2011 Jeep Wrangler

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Review: 2008 Jeep Wrangler

This 2008 review is representative of model years 2007 to 2014.
By Dan Jedlicka of MSN Autos
Rating: 7

Bottom Line:

The latest Jeep Wrangler gains civility, but retains a tough personality and goat-like off-road abilities.
Pros:
  • Decent all-around performance
  • Excellent off-road prowess
  • Key safety items
Cons:
  • High entry
  • Occasional bouncy ride
  • Pushbutton doors not for long fingernails

The rugged, two-door Jeep Wrangler looks like it just stepped off a modern battlefield, while the Wrangler Unlimited is the market's only available 4-door convertible. The Unlimited is the roomiest, most comfortable Wrangler ever, but lacks some of the tough appearance of the 2-door version. Regardless of the number of doors, either model could never be mistaken for anything but a Jeep, with crisp, traditional lines, round headlights and 7-slot grilles.

Trim Choices
The Wrangler is offered in 2-door, or 4-door Unlimited versions. Wranglers have a manual folding soft-top that can be difficult to operate, or an optional 3-piece removable hardtop. The three available trim levels are X, Sahara and Rubicon.

The base 2-door Wrangler X soft-top version has full-metal doors with roll-up windows, front bucket seats, a tilt steering wheel, an AM/FM/CD/MP3 player and an outside-mounted spare tire. Options include air conditioning, front-seat side airbags, and power windows and door locks.

Move up to the Sahara trim level and items such as air conditioning and cruise control are standard, as are an Infinity sound system, power windows and door locks, with remote keyless entry for the Unlimited 4-door.

Under the Hood
Powering the Wrangler is a 3.8-liter V6 engine, which replaces an ancient inline 6-cylinder. It produces 202 horsepower and 237 lb-ft of torque for the 2-door trim level, and 205 horsepower and 240 lb-ft of torque for the 4-door version. On either model, 16-, 17- or 18-inch wheels are available.

A 6-speed manual transmission comes standard, with an optional 4-speed automatic. Rivals such as the Suzuki Grand Vitara and Toyota FJ Cruiser have more modern 5-speed automatics. The 2-door model comes only with 4-wheel drive, while the 4-door Unlimited has rear-wheel drive or 4-wheel drive.

Inner Space
The Wrangler 2-door has decent room up front, but a tight rear-seat area essentially makes it a 2-seater. The 4-door has more rear passenger room, but it's still rather cramped back there and the rear seat isn't very comfortable. Getting in calls for extra effort, and the Unlimited's rear doorways are narrow. The pushbutton door handles aren't for those with long fingernails.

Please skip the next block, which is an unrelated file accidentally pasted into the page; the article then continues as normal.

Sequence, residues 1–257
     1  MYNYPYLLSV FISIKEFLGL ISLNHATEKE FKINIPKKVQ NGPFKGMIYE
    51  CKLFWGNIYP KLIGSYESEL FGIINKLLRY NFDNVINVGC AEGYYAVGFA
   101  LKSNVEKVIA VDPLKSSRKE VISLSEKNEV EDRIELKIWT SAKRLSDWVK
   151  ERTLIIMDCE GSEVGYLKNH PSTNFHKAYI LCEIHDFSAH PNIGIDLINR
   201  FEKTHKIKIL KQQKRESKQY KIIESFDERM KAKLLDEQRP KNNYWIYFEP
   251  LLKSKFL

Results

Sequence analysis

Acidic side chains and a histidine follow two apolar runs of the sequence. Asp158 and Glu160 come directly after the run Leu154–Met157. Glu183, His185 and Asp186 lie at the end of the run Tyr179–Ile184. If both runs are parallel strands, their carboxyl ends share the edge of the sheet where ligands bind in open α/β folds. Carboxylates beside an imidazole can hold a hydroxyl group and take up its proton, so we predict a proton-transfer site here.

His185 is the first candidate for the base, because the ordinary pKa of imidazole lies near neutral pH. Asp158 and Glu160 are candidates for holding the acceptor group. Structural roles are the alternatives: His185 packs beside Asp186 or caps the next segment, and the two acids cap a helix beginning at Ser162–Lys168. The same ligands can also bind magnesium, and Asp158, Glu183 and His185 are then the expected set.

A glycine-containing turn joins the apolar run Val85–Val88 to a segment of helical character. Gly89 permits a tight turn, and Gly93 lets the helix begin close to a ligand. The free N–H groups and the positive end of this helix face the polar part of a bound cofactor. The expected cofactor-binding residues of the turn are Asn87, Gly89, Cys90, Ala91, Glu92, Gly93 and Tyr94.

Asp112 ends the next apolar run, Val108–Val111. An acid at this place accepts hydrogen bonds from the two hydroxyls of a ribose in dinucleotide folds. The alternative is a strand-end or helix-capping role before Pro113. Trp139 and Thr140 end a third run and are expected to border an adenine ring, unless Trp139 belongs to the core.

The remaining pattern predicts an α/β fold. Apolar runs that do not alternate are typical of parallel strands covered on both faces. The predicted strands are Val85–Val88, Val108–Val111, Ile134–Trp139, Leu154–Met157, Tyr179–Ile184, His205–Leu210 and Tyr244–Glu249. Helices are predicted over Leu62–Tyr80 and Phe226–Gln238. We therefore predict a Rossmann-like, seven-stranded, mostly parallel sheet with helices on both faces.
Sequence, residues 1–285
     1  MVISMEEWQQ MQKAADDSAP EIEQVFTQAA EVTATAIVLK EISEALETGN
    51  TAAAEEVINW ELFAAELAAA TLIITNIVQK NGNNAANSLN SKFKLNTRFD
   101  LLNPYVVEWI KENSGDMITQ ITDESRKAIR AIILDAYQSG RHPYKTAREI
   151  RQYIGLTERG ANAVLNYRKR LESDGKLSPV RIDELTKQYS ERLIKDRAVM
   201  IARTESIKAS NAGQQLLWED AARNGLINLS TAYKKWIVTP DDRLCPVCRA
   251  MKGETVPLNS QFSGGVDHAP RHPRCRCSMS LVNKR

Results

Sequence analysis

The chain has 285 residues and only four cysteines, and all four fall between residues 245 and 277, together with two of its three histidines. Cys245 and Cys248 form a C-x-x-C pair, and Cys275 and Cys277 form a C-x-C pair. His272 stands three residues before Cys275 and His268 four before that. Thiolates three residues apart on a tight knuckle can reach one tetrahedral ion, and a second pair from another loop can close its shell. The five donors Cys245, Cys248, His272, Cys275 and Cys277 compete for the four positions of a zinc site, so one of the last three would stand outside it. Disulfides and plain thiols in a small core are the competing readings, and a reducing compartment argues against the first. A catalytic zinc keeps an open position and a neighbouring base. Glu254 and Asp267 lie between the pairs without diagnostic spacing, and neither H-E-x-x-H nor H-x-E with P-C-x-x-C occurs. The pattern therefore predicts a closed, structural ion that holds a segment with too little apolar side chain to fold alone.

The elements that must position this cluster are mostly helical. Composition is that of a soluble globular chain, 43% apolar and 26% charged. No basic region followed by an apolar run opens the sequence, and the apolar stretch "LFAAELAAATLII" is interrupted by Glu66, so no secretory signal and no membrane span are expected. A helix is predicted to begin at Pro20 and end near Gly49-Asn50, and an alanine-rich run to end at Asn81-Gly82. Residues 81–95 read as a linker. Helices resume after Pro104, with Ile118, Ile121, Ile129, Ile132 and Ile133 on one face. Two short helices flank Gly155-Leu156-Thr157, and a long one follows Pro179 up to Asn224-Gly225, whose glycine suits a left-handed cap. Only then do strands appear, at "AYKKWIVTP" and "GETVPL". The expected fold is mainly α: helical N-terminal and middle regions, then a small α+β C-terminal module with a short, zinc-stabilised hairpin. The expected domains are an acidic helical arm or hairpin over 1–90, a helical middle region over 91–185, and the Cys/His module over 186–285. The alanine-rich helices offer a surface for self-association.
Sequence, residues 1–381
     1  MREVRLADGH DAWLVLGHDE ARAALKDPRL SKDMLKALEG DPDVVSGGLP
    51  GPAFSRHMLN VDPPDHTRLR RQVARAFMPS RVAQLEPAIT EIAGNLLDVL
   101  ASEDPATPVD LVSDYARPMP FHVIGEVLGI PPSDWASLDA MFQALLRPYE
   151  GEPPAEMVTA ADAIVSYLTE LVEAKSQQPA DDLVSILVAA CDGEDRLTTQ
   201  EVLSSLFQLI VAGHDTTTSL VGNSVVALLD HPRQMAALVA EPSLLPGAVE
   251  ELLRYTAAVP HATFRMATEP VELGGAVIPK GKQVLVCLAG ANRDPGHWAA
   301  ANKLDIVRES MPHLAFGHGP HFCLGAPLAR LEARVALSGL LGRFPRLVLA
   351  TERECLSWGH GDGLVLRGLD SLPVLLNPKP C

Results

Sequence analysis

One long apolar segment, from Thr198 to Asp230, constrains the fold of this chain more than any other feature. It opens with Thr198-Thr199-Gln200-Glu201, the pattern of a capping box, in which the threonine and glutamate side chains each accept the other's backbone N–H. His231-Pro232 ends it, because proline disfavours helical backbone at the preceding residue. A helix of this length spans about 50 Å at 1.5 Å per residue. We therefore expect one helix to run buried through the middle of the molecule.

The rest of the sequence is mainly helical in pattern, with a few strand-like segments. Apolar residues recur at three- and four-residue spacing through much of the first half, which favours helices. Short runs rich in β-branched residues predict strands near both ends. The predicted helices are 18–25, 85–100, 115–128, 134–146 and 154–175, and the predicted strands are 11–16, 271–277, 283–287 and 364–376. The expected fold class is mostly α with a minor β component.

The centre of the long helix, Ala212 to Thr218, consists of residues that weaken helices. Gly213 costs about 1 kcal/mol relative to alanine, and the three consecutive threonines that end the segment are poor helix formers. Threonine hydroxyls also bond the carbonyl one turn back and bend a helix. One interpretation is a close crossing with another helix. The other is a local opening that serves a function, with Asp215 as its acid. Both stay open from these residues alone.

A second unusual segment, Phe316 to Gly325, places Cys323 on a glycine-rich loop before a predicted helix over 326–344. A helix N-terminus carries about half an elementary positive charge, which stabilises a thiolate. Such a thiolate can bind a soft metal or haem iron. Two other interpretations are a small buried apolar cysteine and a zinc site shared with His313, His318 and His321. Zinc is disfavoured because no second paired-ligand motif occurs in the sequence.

There's little cargo room with the rear seats in their normal position, but these seats can be tumbled forward or removed for a decent amount of cargo room — although the back seats are heavy. The swing-out tailgate can be awkward to use.

Occupants sit high in a generally quiet interior, which becomes noisy during hard acceleration. Gauges should be larger, but aren't all that difficult to read. The dual front console cupholders are rather low. Headlights are average, but I had no problem locating key controls in the cockpit at night.

On the Road
The Wrangler is no fireball, but its V6 provides lively in-town acceleration and decent 65-75 mph passing on highways. Manual gearbox action is acceptable and the automatic transmission is responsive.

The Wrangler 2-door doesn't pretend to be a sports car, but it is fun to drive — within reasonable limits. The Wrangler adroitly handles sweeping curves. Steering is quick although rather heavy, and the brake pedal has a nice linear action.

The older 2-door Wrangler could really bounce occupants around on substandard roads. The new version is much improved, with lower spring rates, advanced shock absorber tuning and heavy-duty powertrain and body mounts that isolate the passenger compartment from vibrations.

The Wrangler 2-door is also more secure for those who drive it hard because its safety items now include a stability-control system with rollover sensors, a roll bar, and anti-lock brakes with a brake-assist feature.

The advanced 4-wheel-drive system, which isn't for use on dry pavement, helps a Wrangler cling to slippery roads and off-road terrain. The 2-door version especially shines off-road, but the 4-door version's longer wheelbase helps give it a more comfortable ride.

EPA-estimated fuel economy is nothing to phone home about: 15-16 mpg in the city and 19-21 mpg on highways. At least only regular-grade gasoline is required.

Right for You?
For the most part the Wrangler is a little too unrefined for many SUV buyers. It is comfortable for laid-back, open-cockpit cruising on nice days, nearly unmatched for rugged off-road treks, while still being practical for daily driving in all sorts of weather. The Wrangler 2-door lists at $18,660-$27,220, while the 4-door costs $20,580-$29,535.

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BB01 - 8/23/2014 1:07:43 AM